During the 1960s a group of FS women writers from the Greatest Generation banded together to polish their craft and get their work published.
BY FRANCESCA HUEMER KELLY
During the days when most Foreign Service spouses were called “wives” and a female FSO had to resign if she got married, a small, resourceful group of FS women writers came together to get their work published. They were members of the Association of American Foreign Service Women* Writers’ Group, formed in 1965 by Elizabeth “Biff y” Sanders.
Over four decades, the group met regularly to read and critique each other’s work. Th ey wrote and published textbooks, children’s books, memoirs, poetry, radio scripts, personal essays, newspaper columns and feature articles. Several of them were émigrés who had fl ed from repression or even war; others served in the military or diplomatic corps. Membership ebbed and fl owed over the years, but the core group stayed intact, meeting at members’ homes in the Washington, D.C., area, where most of the women settled after or between overseas assignments. Those who were in the group for more than 30 years included Maria Bauer, Sally Montanari and Jeri Bird.
Together they published an essay collection, A World of Difference: A Collection by American Foreign Service Women. Th e book, which includes a foreword from Mrs. George P. Shultz, features memoirs from Afghanistan, Bolivia, Italy, Egypt, Yugoslavia, Japan and other countries. Some of the authors contributed poetry or short stories instead of memoirs. Th e resulting publication is a colorful tapestry woven by the sort of experience that only comes from living abroad. When A World of Difference was published in 1987, many of the contributors had been long retired from the Foreign Service and were writing about their experiences decades before, often during the Second World War.
Th e last of the original members of the Writers’ Group, Maria Bauer, died earlier this year. Her memoir of escaping her native Czechoslovakia during the war, Beyond the Chestnut Trees, still makes for riveting reading. She and her family fl ed to France, then to Spain and Portugal. Along the way, she met and married her husband, an Austrian resistance fighter. After their final escape to the United States, her husband worked for the Voice of America and then for the U.S. Information Agency, taking them back overseas to serve their adopted country.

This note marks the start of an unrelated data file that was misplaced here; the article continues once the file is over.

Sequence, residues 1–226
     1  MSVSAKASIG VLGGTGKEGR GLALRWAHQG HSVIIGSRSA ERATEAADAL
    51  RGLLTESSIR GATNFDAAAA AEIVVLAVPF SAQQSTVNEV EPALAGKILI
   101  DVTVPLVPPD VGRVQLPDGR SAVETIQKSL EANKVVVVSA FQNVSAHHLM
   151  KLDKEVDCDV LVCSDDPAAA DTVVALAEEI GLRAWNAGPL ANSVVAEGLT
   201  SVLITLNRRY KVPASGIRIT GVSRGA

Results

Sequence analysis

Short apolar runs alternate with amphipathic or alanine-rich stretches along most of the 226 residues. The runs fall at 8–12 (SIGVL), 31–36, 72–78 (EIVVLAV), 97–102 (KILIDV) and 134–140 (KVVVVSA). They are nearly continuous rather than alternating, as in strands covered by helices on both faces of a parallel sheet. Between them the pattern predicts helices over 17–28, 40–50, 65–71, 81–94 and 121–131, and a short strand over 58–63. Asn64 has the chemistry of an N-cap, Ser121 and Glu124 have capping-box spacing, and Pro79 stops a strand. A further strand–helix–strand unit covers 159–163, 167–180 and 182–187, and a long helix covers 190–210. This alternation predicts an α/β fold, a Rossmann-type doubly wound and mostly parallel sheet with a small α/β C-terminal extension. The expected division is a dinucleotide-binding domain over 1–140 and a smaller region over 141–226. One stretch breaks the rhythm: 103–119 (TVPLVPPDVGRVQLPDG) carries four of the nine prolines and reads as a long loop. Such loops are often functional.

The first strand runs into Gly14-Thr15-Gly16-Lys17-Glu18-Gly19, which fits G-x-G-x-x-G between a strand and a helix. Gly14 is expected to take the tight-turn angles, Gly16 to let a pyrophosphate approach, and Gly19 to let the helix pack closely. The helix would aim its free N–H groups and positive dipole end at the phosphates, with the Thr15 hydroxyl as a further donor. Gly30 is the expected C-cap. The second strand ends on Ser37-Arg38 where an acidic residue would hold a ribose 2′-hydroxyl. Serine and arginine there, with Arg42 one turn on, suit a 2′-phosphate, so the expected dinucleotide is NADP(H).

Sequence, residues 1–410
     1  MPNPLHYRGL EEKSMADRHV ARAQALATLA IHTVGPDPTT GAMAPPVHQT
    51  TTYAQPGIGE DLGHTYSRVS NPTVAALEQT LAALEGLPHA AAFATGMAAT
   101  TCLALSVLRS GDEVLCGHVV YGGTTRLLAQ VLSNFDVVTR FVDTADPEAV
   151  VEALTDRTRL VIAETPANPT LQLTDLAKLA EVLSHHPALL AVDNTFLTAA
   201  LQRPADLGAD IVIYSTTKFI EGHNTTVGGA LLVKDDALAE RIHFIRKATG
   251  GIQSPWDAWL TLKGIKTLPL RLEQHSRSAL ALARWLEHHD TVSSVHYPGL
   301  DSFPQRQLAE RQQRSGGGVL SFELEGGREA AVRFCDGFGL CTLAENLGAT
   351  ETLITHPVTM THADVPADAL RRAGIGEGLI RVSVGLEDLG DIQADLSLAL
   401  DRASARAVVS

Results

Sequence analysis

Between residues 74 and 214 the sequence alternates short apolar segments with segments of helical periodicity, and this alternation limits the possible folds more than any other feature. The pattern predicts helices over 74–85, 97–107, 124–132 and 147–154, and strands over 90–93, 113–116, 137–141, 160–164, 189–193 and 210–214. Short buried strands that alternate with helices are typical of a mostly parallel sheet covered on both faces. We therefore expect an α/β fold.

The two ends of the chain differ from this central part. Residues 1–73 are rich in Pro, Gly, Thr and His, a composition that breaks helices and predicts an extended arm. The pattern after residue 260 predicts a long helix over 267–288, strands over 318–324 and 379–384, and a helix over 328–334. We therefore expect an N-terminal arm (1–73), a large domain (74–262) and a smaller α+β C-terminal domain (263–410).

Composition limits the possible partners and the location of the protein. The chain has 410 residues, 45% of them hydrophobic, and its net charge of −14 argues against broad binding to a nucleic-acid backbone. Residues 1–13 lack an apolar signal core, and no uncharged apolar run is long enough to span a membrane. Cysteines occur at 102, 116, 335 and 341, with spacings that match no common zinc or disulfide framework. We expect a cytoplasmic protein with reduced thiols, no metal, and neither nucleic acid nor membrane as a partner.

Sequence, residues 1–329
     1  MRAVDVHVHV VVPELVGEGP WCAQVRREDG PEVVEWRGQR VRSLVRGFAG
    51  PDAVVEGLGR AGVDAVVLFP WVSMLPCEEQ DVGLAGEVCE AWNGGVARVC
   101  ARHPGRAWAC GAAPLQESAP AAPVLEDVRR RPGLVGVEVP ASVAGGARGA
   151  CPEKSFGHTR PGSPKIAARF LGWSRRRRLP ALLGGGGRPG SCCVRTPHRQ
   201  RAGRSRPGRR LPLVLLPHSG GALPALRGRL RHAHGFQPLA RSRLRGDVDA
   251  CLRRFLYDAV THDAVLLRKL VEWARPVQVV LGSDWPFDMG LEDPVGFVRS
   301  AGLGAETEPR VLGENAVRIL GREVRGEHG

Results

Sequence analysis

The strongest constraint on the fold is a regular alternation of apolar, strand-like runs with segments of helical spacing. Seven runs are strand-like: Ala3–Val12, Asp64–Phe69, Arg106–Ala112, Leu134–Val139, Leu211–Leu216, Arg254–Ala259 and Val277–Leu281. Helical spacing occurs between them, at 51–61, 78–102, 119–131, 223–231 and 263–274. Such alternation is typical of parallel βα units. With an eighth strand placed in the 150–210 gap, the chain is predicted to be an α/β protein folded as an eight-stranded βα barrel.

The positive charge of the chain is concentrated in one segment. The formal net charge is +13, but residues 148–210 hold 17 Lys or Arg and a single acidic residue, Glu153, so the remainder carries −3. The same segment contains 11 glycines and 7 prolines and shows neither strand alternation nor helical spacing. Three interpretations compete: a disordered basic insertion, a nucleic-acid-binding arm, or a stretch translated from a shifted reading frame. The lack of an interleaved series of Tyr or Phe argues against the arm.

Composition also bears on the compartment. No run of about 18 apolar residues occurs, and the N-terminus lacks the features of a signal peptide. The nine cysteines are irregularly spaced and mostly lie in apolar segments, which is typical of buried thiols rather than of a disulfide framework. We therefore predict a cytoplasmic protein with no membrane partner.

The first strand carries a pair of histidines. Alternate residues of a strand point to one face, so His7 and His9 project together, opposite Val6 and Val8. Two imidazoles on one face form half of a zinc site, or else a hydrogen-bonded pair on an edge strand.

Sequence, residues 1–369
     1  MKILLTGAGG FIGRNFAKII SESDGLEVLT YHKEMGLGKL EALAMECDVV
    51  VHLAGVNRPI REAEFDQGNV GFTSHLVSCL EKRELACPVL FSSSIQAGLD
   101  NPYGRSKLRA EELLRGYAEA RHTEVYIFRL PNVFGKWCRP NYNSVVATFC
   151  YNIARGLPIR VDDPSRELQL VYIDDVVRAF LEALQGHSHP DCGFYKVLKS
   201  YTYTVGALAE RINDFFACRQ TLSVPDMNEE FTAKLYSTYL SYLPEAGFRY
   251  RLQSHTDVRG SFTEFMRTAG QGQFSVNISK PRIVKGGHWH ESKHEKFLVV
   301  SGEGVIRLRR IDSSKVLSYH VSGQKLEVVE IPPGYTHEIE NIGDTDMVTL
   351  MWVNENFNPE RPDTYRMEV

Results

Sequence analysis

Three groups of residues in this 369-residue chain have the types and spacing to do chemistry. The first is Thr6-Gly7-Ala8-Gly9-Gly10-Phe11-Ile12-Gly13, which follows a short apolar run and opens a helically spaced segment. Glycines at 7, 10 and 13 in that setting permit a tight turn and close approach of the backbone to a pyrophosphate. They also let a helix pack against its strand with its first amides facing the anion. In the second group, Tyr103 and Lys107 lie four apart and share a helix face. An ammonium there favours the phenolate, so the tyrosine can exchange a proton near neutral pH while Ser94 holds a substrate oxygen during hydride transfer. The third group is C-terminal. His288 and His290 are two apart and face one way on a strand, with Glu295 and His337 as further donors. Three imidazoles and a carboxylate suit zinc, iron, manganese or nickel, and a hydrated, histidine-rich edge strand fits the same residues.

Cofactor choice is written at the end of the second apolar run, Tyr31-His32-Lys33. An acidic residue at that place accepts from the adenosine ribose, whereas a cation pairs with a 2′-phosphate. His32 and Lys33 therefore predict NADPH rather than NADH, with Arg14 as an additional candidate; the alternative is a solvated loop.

Maria’s story echoes those of the other members of the group in its almost fictional qualities. Whether born overseas or in the United States, almost all were drawn to interesting work, often in service for the Allies during World War II. They demonstrated not only an intrepid spirit but undeniable grit under challenging, even dangerous circumstances. Many had to retire from the Foreign Service and other careers when they were married and started writing to continue in the path of a purposeful life.
It may be no coincidence that these women chose writing as a profession, as they often seemed to be cast as the heroines of their own adventure stories. Take Kristine Konold, for example. She served with the Office of War Information in London during World War II, where she worked at the American Broadcasting Station in Europe. Before joining the U.S. Information Agency as a cultural affairs officer, she wrote scripts for U.S.-controlled radio stations in Luxembourg and Germany. Marriage ended her Foreign Service career, at which point she devoted herself to writing essays and articles, finally publishing a book about her wartime experiences, Backstage at the Big War.
Then there’s Sally Montanari, who wrote two children’s books: one about art called Look Again: Clues to Modern Painting, and a story set in Italy called A Voice from the Belly. Sally had a famous sense of humor and was an airplane mechanic during WWII—a true “Rosie the Riveter.” She wrote for newspapers and raised four children while her husband was employed by what is now the U.S. Agency for International Development. One of her funniest essays can be found in A World of Difference: it concerns her husband’s stubbornness about wearing “holey socks” and how that played out in Japan, where they were invited to a dinner where they were expected to take off their shoes.